By Kodey Toney
Taking Care of Business
I had the privilege to speak to a group of parents recently about ways to cope with a child with autism. One of the questions I was asked made me really think and I would like to share my opinion on the subject. I hope it gives a little perspective into what I think about maturity in children on the spectrum. As I have always said I’m not expert, just a father giving his view and trying to help others.
The mother was telling me that her child was really into video games. He was so engrossed by the games that he played that he will role play in real life. He will dress like the characters and imitate them around the house and outside. He is in his teens, and the mom is worried that he shouldn’t be acting like a little kid anymore.
So there are many different things to think about in this situation. We understand that children on the spectrum, because of the lack of understanding social cues, and lack of social skills, can be more immature than other children their age. They are focused on their interests and usually not much else. This is where much of the social awkwardness stems from in children on the spectrum.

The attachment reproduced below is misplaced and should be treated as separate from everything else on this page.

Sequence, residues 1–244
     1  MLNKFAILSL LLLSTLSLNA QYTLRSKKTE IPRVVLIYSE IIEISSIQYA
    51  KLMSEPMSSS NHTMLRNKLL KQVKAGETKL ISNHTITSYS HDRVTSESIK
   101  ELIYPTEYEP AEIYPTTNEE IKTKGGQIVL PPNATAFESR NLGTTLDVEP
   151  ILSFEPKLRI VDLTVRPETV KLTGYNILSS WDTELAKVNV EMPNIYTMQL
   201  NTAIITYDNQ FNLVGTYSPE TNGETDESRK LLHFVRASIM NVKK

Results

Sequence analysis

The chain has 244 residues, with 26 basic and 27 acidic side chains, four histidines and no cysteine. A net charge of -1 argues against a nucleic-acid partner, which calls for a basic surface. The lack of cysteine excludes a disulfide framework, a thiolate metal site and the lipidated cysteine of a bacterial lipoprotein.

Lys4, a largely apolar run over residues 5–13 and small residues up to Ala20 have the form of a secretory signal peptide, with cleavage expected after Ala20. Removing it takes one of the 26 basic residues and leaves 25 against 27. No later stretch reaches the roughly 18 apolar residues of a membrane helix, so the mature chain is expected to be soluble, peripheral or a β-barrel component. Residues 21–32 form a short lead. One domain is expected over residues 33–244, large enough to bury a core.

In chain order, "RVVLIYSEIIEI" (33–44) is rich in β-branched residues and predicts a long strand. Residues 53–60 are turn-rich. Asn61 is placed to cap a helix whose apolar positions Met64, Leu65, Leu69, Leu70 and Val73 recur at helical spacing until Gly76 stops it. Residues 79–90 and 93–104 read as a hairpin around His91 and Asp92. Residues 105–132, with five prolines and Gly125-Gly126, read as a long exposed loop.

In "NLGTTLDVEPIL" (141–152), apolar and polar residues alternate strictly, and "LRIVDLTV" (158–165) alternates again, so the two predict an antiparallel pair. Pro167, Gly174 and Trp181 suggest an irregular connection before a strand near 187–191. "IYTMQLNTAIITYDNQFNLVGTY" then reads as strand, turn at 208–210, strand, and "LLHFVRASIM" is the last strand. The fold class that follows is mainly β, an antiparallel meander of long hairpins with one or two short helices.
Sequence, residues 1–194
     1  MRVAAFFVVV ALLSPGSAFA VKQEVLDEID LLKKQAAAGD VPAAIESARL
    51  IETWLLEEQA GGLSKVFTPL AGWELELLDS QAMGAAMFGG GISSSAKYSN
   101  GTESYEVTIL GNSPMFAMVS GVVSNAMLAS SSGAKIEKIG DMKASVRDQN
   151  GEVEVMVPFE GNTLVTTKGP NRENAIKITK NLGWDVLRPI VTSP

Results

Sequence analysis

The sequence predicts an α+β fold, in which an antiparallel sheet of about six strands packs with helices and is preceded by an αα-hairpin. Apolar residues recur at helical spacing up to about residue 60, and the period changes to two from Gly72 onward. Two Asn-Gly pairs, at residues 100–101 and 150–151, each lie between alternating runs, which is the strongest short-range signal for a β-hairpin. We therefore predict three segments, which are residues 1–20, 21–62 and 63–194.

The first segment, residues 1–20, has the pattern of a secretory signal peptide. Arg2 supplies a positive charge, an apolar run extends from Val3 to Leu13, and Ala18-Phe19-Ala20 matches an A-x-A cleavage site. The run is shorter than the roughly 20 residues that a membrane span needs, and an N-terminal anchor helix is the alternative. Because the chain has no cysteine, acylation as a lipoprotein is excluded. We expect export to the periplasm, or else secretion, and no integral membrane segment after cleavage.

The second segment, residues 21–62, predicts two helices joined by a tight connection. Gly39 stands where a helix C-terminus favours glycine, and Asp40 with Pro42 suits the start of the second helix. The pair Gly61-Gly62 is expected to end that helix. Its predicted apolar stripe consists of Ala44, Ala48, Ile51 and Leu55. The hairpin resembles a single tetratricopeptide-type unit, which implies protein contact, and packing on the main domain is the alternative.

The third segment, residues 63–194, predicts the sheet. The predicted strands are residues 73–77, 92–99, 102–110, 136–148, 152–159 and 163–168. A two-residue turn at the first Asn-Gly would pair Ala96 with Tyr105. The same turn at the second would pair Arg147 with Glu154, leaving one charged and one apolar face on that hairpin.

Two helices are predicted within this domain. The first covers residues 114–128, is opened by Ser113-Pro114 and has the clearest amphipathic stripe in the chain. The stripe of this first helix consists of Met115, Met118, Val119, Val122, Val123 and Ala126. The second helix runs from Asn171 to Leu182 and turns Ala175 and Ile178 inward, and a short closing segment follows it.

So what is the answer? Should we tell our children not to act this way? Should we tell them to quit expressing their likes and act their age? Should we tell them to conform to the way society wants them to act?
Temple Grandin says that we need to limit the amount of time a child has on video games and electronics. I agree with this to a certain extent. What she suggests is using those interests and turning them into other outlets like Lego building, drawing, or other toys.
On the same note, if you have a child that enjoys certain things like trains, which Konner does, then find them a group of train enthusiast and let them hang out with them. There are groups all over the world; you just need to find one in your area. If you don’t have on in your area then you can start one. The age doesn’t matter too much. These kids know just as much, if not more, than most, so they can hang with these experts.
I would ask the parent if what they are doing is hindering their social life. Are they doing this in a public setting that is causing them to be bullied or made fun of by their peers? Are their peers acceptant of this behavior? If it is an issue then I would try using social stories and talk to the child about how they should act in public.
When it comes to the privacy of their own home, who cares? I say let the child do what makes them happy.
I watched a video once about a girl who was in her teens and she still watched Sesame Street. She didn’t care what people thought because it made her happy. I think this is the perfect attitude, and one that we as parents should adopt as well. As long as our children are happy, and it’s not affecting their personal life then what should we care what others think? If we are doing our best to help them have a good life then it’s nobody’s business.